SC pulls up Bengal govt for delay in BJP youth activist release

Prison officials extracted apology before freeing Priyanka Sharma, lawyer claims in court

By Our Bureau in Calcutta/New Delhi
  • Published 16.05.19, 2:14 AM
  • Updated 16.05.19, 2:14 AM
  • 2 mins read
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Priyanka in Calcutta on Wednesday. (PTI)

The Supreme Court on Wednesday hauled up the Bengal government for violating its directive to release “immediately” on Tuesday BJP youth activist Priyanka Sharma, who had been arrested for sharing on Facebook a morphed picture of chief minister Mamata Banerjee.

“No, this is not done. First of all her arrest was arbitrary. If she is not released, consequences will now follow,” a bench of Justices Indira Banerjee and Sanjiv Khanna told the state’s standing counsel, Astha Sharma, during a brief hearing.

The bench was dealing with a petition filed by Priyanka’s brother Rajib challenging her May 9 arrest by Bengal police as “illegal and unconstitutional”.

The judges expressed their displeasure after senior advocate Neeraj Kishan Kaul, appearing for Rajib, rushed to the court on Wednesday morning, complaining that Priyanka had not been released so far despite the order. “She should have been released within half-an-hour,” Justice Banerjee observed.

Kaul told the bench the family had on Tuesday gone to Calcutta’s Alipore Jail for her release, but was informed by the authorities that she couldn’t be freed until they received a written order from the court. Kaul said this was done despite the court on Tuesday categorically ordering her “immediate” release.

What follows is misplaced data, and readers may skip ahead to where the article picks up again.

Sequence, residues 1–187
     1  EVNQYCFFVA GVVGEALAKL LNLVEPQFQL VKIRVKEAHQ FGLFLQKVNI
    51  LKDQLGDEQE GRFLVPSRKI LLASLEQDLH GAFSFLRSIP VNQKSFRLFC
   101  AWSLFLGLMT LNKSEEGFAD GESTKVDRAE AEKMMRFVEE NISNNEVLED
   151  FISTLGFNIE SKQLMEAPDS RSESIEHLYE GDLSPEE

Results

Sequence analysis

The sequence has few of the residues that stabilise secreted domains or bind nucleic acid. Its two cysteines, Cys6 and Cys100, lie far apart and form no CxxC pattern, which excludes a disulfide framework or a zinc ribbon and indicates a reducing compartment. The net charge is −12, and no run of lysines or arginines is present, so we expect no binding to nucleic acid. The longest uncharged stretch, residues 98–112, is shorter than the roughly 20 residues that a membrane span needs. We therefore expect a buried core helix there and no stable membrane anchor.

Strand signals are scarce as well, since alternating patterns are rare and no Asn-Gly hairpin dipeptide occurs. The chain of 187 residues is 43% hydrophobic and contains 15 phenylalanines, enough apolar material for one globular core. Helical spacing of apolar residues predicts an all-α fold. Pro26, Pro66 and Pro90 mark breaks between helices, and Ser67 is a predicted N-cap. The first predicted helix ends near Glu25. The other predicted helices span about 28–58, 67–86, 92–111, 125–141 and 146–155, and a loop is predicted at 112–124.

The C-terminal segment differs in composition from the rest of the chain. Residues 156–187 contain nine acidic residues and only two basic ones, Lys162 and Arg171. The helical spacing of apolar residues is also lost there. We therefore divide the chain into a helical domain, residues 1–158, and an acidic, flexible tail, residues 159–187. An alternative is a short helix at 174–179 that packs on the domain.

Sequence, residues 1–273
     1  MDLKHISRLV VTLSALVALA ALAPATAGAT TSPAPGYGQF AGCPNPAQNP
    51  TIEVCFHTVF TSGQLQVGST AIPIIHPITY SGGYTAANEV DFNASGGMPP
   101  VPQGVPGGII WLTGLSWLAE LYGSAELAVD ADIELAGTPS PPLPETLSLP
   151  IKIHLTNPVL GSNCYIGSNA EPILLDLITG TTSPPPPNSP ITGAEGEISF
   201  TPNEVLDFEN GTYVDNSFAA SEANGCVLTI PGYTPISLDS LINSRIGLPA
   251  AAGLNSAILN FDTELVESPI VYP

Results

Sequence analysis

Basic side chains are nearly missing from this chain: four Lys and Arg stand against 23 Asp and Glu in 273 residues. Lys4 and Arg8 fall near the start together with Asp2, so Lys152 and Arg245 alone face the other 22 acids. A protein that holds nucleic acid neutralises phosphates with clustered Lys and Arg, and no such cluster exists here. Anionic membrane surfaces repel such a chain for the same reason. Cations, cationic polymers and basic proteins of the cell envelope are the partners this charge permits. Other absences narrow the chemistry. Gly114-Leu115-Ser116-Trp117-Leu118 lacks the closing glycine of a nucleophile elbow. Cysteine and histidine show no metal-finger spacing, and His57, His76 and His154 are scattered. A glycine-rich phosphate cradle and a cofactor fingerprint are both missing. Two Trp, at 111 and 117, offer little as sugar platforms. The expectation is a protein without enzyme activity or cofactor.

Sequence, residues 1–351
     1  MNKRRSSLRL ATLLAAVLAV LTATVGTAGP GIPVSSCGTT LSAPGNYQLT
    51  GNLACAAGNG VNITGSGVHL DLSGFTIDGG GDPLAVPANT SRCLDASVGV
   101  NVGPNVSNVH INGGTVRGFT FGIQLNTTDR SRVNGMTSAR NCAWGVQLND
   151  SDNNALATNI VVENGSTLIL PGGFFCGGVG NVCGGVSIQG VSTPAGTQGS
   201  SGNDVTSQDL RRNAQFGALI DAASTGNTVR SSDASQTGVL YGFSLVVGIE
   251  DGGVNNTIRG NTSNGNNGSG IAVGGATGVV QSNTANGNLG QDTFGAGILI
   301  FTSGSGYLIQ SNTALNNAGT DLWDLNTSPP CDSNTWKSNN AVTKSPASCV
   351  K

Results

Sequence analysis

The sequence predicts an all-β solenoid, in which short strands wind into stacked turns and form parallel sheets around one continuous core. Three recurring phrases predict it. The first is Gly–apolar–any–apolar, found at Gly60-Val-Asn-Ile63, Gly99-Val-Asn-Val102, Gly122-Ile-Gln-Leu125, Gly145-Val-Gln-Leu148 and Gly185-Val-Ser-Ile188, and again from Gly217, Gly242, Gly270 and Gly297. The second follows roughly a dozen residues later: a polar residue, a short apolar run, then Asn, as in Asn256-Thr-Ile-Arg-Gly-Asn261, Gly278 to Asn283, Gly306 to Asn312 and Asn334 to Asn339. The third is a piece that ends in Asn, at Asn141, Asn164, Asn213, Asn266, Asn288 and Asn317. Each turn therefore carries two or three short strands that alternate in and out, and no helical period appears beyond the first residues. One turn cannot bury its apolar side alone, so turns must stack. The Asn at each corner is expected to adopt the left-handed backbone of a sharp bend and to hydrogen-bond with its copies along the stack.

“The order was passed in the presence of the state’s counsel (Astha Sharma), yet it had been flouted,” Kaul complained.

Asked by the bench, Astha said: “I have instructions to say that she had been released at 9.40am today (Wednesday).”

The counsel further said that under the jail manual, the officials had to get a formal order and complete various formalities before releasing a prisoner.

“The order was passed in your presence. Jail manuals can’t have superintendence over the Supreme Court order. If she is not released, we will initiate contempt,” the bench warned and asked Kaul to find out if Priyanka had been released.

Kaul made some enquiries, confirmed Priyanka’s release but claimed “she was forced to give an apology letter” before being allowed to leave the prison. “The forced apology letter, a draft of which was prepared by the police, is in contravention of this court’s order,” Kaul said in his submission to the court.

The lawyer was alluding to the fact that on Tuesday, the court had ordered Priyanka to be freed and said that at the time of her release, she should tender an apology. Kaul’s contention was that the Bengal police had first extracted an apology and released her only after it had done so.

Kaul further claimed that the “state had filed a closure report in the case on Tuesday”. “Yet, this fact (of the closure report) was not brought to the court’s notice when the order for her release was passed. There wouldn’t have been any need for her to tender an apology,” Kaul said.

After her release, Priyanka spoke at a news conference at the state BJP headquarters in Calcutta where she said “she would not apologise”. “I am not going to apologise for sharing a meme of Mamata Banerjee on social media. I have done nothing wrong to feel sorry about. I have no regrets.”

Priyanka alleged that she was forced to sign the apology letter drafted by the jail authorities before her release — 18 hours after the Supreme Court order. “We will continue to fight the case in the Supreme Court in July,” said Sourav Chaudhary, national joint secretary of the BJP youth wing.

At the news conference, Priyanka described her alleged plight in the jail. “I spent five nights in jail. It gave me an experience of five years. The jailer pushed me and I was served bad food. There was no water inside the jail,” Priyanka said.

Prime Minister Narendra Modi appeared to target Mamata while alluding to Priyanka at a rally on Wednesday in Taki, North 24-Parganas, saying the “daughters” sent to jail were “ready to give you punishment and a lesson”.